Author: Kelly Ann Bird

Can a USERRA Claim Be Released as Part of a Separation Agreement?

In the most recent issue of the New Jersey Labor & Employment Quarterly, Kelly Ann Bird and Zeenat Basrai analyze whether an employee can release claims under the Uniformed Services Employment and Reemployment Rights Act (“USERRA”) as part of a separation agreement. The scant caselaw construing USERRA has resulted in confusion over whether USERRA claims can be waived, and if so, what language a waiver must include to be enforceable. The article discusses practical steps employers can take to protect themselves from an employee bringing a USERRA claim after signing a separation or settlement agreement, such as drafting the waiver using clear and unambiguous language and giving the employee sufficient time to review and consider the agreement before signing it.

The Gibbons Employment Academy Webinar Series – Disability and Reasonable Accommodations

The second program in our Gibbons Employment Academy Webinar Series, focusing on Disability and Reasonable Accommodations, is scheduled for next Wednesday, June 29, from 8:30 to 10:30 am. The ADA Amendments Act of 2008 and the EEOC’s recently issued regulations explaining and implementing that Act have been widely touted as significantly expanding the definition of disability. It is anticipated that as a result of the Act, more employees than ever before will be considered disabled and will be seeking accommodations. Employers must understand what is deemed a disability under the law and what steps are necessary when employees request accommodations for their disabilities. The webinar will explore these topics as well as provide a survey of accommodations that have been deemed reasonable and those that have not.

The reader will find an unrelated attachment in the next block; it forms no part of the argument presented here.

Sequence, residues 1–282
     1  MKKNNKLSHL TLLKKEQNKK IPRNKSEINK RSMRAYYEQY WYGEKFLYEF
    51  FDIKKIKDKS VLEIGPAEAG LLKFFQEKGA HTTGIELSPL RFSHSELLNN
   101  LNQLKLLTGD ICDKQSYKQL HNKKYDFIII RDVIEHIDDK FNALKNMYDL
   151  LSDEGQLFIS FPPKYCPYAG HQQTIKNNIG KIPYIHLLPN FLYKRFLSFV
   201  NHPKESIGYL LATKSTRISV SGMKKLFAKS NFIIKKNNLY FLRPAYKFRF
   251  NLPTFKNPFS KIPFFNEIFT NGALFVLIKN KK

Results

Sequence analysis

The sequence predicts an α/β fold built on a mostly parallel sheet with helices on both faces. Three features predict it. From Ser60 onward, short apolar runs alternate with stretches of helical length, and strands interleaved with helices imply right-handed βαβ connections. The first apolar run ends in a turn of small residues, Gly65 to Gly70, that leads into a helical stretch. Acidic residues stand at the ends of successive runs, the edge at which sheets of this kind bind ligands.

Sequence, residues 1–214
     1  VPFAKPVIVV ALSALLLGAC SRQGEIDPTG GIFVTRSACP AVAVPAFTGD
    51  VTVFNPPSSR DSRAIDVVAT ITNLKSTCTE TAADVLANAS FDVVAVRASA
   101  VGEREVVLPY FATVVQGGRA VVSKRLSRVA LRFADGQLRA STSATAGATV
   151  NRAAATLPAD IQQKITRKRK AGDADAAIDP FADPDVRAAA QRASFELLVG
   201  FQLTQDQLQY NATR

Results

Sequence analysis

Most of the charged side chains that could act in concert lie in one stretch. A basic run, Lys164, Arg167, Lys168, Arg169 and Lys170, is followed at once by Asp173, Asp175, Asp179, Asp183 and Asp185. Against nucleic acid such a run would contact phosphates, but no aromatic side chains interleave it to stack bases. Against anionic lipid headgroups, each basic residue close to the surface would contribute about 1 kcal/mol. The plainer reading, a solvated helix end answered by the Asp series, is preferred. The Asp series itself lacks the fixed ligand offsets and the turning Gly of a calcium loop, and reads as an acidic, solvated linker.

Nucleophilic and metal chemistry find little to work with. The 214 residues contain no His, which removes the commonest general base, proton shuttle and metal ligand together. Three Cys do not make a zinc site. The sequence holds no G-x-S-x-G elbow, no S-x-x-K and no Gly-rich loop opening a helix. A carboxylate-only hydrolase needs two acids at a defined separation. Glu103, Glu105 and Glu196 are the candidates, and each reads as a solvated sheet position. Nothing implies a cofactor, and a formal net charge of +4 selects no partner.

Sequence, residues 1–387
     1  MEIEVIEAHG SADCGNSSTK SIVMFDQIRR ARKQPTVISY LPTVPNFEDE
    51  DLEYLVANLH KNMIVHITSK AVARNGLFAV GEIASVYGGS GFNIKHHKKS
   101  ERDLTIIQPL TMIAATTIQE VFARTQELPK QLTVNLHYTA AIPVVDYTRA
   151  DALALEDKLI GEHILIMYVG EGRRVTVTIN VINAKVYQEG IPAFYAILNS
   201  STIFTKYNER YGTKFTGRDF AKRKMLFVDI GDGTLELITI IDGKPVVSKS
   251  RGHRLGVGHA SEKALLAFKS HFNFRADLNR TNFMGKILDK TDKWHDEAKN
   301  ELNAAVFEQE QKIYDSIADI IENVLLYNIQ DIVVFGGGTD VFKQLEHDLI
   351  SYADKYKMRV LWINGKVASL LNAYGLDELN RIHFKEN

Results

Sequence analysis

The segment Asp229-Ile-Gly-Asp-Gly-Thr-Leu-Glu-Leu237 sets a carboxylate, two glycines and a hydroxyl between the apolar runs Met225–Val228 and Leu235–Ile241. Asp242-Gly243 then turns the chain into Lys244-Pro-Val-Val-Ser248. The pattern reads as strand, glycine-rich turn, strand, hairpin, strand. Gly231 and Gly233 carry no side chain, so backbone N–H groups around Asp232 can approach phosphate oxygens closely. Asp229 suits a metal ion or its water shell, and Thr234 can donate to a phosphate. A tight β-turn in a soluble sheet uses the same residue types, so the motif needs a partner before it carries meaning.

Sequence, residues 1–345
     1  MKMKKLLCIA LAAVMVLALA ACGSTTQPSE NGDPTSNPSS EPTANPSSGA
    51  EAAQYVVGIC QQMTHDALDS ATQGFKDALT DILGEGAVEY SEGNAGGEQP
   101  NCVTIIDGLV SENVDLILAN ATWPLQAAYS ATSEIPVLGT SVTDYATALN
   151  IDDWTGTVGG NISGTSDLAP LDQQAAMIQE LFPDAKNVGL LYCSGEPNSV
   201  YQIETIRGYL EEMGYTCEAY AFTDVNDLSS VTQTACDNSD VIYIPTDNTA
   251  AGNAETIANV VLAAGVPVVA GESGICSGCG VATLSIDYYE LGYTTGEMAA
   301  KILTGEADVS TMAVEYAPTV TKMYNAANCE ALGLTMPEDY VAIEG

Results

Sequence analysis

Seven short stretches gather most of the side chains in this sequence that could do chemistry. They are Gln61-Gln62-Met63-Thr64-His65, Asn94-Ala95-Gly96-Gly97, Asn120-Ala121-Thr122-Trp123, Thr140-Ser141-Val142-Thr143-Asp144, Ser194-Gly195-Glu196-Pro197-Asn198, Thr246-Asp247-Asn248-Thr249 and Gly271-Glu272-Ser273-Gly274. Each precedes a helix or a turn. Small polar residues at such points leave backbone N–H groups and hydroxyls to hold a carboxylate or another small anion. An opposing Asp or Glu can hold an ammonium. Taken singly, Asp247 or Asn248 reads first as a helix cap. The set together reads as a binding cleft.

Introducing the Gibbons Employment Academy Webinar Series

As highlighted in our January “Focus on Training in 2011” post, training programs directed to human resources and supervisory employees are a win-win for employers. Whether as a primer or refresher, a legal overview and update on current developments will enable decision-makers to work within the boundaries of the law and reduce costs associated with employee complaints and litigation. Although employees are entitled to various protections under the law, employers must feel that they are empowered to make decisions and manage their employees, from the hiring process through separation.

Focus on Training in 2011

2011 should be the year in which all companies renew their commitment to training employees. Specifically, all employees should be trained on important company policies, such as the anti-harassment and discrimination policies, and human resources employees and supervisors should be trained on consistently problematic topics such as performance management, accommodating disabilities under the Americans with Disabilities Act and leaves under the Family and Medical Leave Act and similar state laws.